Airplanenut From United States of America, joined Sep 2001, 663 posts, RR: 1 Posted (7 years 11 months 2 weeks 2 hours ago) and read 2360 times:
I was wondering if anyone knew whether cargo aircraft are pressurized or temperature controlled outside the cockpit. It seems like it would be costly to pressurized the cargo, but at the same time, if an animal is being shipped, it might appreciate the oxygen.
PanHAM From Germany, joined May 2005, 10173 posts, RR: 32
Reply 3, posted (7 years 11 months 2 weeks 1 hour ago) and read 2318 times:
Of course. The differnence between and pax and a cargo airliner are the freight door and the strenghtened floor.
Not only might the animals shipped "appreciate" the oxygen, the crew who might need to go and inspect the cargo section does as well. Not speaking of horse grooms who usually travel with their valuable freight. Besides, there is delicate freight which requires to be shipped in a pressurized environment.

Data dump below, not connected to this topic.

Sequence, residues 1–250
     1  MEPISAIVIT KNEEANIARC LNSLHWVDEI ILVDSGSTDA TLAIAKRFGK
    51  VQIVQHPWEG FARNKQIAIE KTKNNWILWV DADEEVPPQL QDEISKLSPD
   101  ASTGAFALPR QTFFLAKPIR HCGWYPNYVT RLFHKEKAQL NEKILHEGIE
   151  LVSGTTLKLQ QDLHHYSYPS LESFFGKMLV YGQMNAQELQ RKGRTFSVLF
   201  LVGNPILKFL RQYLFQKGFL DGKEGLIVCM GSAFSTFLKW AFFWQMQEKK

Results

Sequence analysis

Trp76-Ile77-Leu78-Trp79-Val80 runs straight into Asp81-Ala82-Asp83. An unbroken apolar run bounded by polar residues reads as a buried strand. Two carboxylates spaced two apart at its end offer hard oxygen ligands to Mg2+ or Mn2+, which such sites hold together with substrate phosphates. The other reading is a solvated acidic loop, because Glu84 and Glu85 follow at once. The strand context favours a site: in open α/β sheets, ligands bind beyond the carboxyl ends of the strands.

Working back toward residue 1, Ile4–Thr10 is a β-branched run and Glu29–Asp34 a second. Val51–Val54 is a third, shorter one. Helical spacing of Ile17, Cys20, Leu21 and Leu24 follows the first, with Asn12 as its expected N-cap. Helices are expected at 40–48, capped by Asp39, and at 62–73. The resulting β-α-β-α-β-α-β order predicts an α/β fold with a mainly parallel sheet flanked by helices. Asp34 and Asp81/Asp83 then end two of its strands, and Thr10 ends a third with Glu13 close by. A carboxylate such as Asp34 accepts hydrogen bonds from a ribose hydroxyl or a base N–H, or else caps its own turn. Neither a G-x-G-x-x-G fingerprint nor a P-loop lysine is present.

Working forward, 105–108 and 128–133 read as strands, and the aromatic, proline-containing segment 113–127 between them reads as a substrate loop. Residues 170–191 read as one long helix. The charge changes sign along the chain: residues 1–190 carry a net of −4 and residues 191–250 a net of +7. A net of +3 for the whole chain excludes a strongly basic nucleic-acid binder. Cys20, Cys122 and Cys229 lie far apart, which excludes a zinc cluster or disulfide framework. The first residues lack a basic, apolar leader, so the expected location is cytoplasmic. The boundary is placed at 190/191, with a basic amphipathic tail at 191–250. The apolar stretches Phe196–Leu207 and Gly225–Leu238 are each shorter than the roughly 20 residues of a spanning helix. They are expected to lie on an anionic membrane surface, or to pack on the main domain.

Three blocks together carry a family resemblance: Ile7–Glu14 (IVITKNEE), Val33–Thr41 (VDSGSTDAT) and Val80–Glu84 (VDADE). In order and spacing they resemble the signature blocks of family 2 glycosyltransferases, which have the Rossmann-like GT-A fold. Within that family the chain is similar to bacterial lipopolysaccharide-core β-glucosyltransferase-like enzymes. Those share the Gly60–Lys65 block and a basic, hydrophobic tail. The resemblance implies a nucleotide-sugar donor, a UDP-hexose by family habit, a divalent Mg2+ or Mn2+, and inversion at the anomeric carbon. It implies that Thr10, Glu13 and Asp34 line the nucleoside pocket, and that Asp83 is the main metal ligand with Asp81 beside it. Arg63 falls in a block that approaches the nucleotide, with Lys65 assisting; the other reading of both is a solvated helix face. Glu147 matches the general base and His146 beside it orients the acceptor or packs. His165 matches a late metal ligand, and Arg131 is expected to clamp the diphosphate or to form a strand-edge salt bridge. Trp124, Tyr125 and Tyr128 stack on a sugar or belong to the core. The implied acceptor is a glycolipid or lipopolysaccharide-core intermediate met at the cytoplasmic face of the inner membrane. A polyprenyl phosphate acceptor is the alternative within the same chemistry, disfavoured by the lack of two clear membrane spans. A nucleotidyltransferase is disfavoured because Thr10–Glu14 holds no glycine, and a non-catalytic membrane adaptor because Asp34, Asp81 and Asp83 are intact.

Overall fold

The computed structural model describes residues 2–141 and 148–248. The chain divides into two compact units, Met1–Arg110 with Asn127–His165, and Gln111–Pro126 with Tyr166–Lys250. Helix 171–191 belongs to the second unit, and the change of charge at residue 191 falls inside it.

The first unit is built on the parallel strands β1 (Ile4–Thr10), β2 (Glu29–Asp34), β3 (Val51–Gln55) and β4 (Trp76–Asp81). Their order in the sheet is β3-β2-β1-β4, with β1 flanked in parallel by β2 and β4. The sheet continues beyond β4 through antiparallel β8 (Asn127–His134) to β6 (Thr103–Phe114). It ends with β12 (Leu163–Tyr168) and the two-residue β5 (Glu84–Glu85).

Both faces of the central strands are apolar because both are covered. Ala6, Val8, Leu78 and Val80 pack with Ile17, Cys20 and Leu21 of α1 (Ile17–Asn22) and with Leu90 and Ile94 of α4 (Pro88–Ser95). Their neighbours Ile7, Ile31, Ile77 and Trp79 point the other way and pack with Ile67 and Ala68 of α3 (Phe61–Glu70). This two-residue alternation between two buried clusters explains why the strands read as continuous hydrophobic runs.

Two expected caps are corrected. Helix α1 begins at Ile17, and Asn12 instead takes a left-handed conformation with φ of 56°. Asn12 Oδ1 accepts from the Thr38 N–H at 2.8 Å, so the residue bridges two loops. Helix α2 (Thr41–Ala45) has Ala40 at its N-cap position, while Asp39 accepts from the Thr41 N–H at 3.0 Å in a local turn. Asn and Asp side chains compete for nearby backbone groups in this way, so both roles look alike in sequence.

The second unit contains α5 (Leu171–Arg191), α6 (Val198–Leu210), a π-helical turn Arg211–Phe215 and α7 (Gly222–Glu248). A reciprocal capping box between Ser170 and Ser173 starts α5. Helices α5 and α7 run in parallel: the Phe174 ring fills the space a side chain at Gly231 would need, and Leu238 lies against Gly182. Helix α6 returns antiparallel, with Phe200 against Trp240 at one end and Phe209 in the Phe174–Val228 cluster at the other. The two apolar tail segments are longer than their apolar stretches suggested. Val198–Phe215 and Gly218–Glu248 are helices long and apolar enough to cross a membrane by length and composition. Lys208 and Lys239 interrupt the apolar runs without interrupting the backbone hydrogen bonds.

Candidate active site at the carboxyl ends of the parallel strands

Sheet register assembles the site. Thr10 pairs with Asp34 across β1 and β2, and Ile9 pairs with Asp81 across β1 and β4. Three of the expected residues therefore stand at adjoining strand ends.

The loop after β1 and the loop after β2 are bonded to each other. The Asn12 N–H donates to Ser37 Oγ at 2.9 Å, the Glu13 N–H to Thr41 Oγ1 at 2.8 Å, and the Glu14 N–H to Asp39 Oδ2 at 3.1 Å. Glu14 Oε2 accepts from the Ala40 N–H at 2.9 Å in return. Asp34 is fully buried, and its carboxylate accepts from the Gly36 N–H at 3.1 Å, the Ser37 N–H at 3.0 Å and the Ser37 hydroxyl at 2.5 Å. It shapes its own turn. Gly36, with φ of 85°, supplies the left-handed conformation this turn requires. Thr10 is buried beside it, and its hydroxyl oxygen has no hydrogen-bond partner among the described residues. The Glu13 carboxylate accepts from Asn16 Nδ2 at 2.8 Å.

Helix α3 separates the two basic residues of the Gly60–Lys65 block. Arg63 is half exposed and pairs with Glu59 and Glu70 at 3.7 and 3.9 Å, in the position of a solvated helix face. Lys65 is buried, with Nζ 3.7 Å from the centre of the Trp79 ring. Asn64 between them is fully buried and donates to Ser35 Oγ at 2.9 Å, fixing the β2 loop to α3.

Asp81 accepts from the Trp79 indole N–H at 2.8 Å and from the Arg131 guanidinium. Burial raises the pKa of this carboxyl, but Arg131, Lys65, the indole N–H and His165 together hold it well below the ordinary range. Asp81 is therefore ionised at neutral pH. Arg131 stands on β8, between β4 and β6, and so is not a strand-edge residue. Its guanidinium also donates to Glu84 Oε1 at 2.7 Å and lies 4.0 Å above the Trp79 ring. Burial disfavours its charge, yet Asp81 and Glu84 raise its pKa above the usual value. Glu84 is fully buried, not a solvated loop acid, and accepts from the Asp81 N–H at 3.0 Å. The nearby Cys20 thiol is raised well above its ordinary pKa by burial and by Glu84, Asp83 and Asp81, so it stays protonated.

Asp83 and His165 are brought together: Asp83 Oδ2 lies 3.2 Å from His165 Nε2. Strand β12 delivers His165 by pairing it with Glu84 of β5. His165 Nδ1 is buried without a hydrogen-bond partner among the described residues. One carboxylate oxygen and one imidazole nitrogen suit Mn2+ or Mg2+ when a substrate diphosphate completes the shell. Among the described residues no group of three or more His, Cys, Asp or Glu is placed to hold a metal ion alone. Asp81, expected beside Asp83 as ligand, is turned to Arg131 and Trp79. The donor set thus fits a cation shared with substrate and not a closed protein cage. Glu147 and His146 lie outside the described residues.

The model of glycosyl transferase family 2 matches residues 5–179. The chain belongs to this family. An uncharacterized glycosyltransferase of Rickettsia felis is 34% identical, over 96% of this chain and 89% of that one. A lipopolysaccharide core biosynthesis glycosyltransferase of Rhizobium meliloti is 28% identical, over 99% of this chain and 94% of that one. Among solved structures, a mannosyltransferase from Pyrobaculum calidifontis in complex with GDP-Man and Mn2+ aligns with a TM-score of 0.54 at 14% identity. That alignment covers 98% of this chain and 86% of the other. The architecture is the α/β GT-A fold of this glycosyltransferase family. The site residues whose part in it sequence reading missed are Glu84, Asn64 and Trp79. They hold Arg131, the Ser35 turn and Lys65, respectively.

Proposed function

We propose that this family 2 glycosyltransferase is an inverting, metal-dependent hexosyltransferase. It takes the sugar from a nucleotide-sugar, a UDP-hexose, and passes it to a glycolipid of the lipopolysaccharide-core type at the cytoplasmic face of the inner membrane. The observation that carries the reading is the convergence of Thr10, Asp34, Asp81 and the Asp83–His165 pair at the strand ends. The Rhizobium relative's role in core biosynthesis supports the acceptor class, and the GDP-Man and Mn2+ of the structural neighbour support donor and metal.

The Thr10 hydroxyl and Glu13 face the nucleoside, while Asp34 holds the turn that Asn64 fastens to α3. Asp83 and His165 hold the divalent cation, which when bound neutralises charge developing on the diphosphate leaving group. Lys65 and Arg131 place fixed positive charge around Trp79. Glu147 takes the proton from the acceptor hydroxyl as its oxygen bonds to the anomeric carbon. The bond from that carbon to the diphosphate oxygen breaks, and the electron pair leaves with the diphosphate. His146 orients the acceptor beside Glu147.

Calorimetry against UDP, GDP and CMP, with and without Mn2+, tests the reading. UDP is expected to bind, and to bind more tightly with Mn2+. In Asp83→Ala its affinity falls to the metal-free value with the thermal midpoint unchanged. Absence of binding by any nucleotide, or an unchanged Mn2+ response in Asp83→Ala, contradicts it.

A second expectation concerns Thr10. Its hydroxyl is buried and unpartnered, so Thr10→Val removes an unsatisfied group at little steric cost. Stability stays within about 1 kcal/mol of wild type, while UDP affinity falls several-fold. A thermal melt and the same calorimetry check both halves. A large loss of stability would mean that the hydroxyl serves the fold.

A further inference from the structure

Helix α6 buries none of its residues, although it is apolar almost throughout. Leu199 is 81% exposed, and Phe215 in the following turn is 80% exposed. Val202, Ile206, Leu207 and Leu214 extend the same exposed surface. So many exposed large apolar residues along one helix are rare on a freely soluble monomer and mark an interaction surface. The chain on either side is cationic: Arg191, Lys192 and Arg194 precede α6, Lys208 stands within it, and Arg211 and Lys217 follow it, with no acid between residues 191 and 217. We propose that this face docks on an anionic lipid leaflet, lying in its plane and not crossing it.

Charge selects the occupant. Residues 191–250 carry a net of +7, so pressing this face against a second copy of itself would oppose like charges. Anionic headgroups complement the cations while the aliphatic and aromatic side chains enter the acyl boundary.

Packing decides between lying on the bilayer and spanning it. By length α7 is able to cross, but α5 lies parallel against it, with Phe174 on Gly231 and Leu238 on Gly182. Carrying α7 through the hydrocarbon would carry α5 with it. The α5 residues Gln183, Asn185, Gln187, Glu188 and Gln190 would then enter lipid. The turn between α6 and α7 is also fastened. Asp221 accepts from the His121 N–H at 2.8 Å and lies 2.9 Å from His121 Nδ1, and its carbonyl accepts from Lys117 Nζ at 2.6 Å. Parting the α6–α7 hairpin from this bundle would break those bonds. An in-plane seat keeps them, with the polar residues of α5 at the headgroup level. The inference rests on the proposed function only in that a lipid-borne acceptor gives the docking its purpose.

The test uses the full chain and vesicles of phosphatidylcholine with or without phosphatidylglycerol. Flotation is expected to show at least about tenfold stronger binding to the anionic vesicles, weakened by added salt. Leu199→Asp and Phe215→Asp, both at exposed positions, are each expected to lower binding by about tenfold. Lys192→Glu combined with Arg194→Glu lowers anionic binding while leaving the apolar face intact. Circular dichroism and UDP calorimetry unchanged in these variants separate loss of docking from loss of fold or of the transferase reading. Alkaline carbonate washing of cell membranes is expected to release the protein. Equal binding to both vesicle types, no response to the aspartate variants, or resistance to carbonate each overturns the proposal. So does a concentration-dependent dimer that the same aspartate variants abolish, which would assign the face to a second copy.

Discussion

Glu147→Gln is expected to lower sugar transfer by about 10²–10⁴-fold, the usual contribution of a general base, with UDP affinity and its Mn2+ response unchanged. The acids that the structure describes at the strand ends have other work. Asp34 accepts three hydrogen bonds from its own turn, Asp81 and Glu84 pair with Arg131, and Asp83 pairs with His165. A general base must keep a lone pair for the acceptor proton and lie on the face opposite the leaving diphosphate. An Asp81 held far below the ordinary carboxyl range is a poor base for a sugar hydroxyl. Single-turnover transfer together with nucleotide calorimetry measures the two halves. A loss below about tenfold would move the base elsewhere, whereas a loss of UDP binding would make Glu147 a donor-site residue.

The 747 freighters have seats in the bubble and Cargolux did even sell these at times to freight forwarders and good customers.
AA737-823 From United States of America, joined Mar 2000, 6091 posts, RR: 12
Reply 5, posted (7 years 11 months 2 weeks 1 hour ago) and read 2292 times:
Yes, they're fully pressurized and heated, as people have said above.
What people have NOT pointed out yet is that you can't pressurize the cockpit without also pressurizing the rest of the aircraft- it would blow apart. Now, you can set the back of the plane (or lower decks as on my 747 freighters) for a far cooler temperature if you like, but you typically run all packs in flight. Unless one goes INOP on you, then you MEL it to home base and call it a day!
Acey559 From United States of America, joined Jan 2007, 1558 posts, RR: 2
Reply 6, posted (7 years 11 months 2 weeks 1 hour ago) and read 2278 times:
I was watching an aviation DVD of Atlas Air and they were talking about how they sometimes have flowers and need to have the temperature very low, almost like a refrigerator. I'm sure there are other reasons requiring hot or cold temps, like vaccinations, etc.